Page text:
The former German leader believed that the head of the aid organization for former Waffen-SS conscripts was “a decent man,” according to Spiegel Online.
At the beginning of his political career, young Helmut Kohl made donations to a lobby organization that helped imprisoned Nazi criminals and their relatives, German magazine Spiegel Online reported, referring to the recently disclosed documents.
According to the report, the documents revealed Kohl saying that he had transferred about 200 German marks to the Mutual Aid Association of Former Waffen-SS members (HIAG), which in 1962 was named after Paul Hausser, Colonel-General of the Nazi SS troops.
As reported by the magazine, Hausser’s units are known for having committed war crimes. When World War II was over, Hausser campaigned for pensions for his comrades and contributed to the concealment of Nazi atrocities. However, Kohl, as the magazine noted, believed Hausser to be “a decent man.”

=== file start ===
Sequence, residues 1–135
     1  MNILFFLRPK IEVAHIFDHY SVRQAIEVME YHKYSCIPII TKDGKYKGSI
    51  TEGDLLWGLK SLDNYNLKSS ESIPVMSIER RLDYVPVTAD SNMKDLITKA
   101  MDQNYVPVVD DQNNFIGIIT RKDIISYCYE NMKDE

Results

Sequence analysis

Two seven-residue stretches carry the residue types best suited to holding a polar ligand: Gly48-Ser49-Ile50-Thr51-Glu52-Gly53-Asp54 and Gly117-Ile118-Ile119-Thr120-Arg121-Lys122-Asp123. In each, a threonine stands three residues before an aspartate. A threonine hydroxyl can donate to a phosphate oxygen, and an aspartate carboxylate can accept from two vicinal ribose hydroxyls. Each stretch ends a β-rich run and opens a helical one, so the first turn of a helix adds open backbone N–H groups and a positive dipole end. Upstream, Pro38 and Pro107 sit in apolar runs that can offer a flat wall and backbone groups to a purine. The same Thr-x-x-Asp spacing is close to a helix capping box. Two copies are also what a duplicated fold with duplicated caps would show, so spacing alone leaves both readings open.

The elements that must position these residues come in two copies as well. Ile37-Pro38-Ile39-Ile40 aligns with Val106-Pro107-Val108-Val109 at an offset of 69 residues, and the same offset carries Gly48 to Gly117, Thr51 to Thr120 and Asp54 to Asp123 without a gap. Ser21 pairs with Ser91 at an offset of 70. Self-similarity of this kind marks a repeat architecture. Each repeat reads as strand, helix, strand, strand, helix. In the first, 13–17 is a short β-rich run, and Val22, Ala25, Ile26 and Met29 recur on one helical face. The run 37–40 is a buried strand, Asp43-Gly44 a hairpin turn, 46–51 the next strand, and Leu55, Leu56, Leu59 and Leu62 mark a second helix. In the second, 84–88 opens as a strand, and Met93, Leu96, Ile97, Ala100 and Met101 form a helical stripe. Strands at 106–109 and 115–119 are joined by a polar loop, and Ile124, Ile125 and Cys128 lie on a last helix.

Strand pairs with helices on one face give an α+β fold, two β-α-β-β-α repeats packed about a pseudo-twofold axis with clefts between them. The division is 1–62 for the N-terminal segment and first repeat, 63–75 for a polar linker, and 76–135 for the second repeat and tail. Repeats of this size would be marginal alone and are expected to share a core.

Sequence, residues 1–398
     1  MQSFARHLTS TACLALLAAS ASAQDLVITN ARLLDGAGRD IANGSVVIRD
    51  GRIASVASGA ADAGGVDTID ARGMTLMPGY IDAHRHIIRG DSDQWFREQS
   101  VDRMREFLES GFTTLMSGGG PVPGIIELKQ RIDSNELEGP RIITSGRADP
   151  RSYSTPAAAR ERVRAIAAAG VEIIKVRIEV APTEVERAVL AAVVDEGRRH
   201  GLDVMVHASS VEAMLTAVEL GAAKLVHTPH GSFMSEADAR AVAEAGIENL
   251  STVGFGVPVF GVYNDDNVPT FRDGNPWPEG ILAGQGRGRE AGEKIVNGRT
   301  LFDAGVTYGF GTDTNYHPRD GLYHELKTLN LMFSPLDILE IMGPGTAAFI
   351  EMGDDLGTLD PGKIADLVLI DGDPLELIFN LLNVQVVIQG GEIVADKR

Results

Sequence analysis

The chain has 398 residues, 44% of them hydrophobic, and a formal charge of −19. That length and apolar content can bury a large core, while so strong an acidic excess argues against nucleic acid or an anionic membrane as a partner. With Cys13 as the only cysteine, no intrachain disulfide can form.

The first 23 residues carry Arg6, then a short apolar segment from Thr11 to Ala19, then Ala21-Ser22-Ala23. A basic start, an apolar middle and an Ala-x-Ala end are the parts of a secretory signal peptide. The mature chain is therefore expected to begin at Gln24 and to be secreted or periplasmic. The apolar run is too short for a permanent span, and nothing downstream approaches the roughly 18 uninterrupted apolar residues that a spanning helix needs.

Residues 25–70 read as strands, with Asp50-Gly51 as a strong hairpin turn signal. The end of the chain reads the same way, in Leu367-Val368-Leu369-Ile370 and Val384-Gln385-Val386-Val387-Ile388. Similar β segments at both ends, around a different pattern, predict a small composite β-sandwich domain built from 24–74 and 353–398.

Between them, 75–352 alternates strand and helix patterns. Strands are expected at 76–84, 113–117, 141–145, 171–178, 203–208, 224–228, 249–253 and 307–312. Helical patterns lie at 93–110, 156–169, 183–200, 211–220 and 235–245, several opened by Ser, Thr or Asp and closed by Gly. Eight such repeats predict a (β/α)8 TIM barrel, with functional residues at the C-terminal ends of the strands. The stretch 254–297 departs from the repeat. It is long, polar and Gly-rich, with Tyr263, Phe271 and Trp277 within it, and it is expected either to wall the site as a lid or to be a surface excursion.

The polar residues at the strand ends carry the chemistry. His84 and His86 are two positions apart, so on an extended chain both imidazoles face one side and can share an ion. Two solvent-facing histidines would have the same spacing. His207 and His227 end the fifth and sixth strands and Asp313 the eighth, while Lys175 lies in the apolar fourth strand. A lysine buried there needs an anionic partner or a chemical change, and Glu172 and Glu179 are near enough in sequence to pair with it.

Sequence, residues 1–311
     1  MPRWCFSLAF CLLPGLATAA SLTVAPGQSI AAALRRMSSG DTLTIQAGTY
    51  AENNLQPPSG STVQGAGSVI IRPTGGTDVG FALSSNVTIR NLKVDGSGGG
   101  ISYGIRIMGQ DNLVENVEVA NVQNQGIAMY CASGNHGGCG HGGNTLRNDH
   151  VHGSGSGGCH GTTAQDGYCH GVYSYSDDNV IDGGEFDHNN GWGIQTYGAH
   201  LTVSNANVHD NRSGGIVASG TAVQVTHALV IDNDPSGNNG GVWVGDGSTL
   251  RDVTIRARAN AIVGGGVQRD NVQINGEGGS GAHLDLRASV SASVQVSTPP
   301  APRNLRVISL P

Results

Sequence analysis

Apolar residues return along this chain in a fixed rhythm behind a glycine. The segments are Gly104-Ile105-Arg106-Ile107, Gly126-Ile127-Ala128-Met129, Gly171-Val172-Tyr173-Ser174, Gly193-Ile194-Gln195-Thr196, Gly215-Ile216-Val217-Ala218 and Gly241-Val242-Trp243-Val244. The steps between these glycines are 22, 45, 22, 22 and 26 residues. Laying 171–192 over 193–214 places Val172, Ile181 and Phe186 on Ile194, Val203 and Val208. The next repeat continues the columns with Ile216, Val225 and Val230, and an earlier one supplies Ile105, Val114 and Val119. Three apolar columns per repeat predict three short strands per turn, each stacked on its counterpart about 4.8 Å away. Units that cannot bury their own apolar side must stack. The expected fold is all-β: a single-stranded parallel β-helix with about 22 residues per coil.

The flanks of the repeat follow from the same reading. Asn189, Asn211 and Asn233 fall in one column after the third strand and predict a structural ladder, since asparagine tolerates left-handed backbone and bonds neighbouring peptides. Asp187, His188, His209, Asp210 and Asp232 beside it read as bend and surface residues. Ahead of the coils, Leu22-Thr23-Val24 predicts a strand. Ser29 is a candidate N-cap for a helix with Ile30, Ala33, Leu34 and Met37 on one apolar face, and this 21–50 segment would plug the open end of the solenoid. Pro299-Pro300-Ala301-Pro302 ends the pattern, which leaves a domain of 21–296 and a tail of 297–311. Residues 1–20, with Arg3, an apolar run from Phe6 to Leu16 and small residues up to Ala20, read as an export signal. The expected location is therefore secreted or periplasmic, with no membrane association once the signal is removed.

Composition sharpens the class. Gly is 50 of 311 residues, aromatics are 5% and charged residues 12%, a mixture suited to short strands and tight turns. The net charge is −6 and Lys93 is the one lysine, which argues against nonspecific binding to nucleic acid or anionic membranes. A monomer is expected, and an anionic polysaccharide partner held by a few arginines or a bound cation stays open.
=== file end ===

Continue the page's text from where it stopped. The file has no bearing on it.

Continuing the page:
HIAG was founded by former high-ranking Waffen-SS members in West Germany in 1951. Its main goal was to rehabilitate the armed wing of the Nazi Party’s SS organization after the end of World War II.
Helmut Kohl served as a German Chancellor from 1982 to 1998. He died on June 16, 2017 aged 87.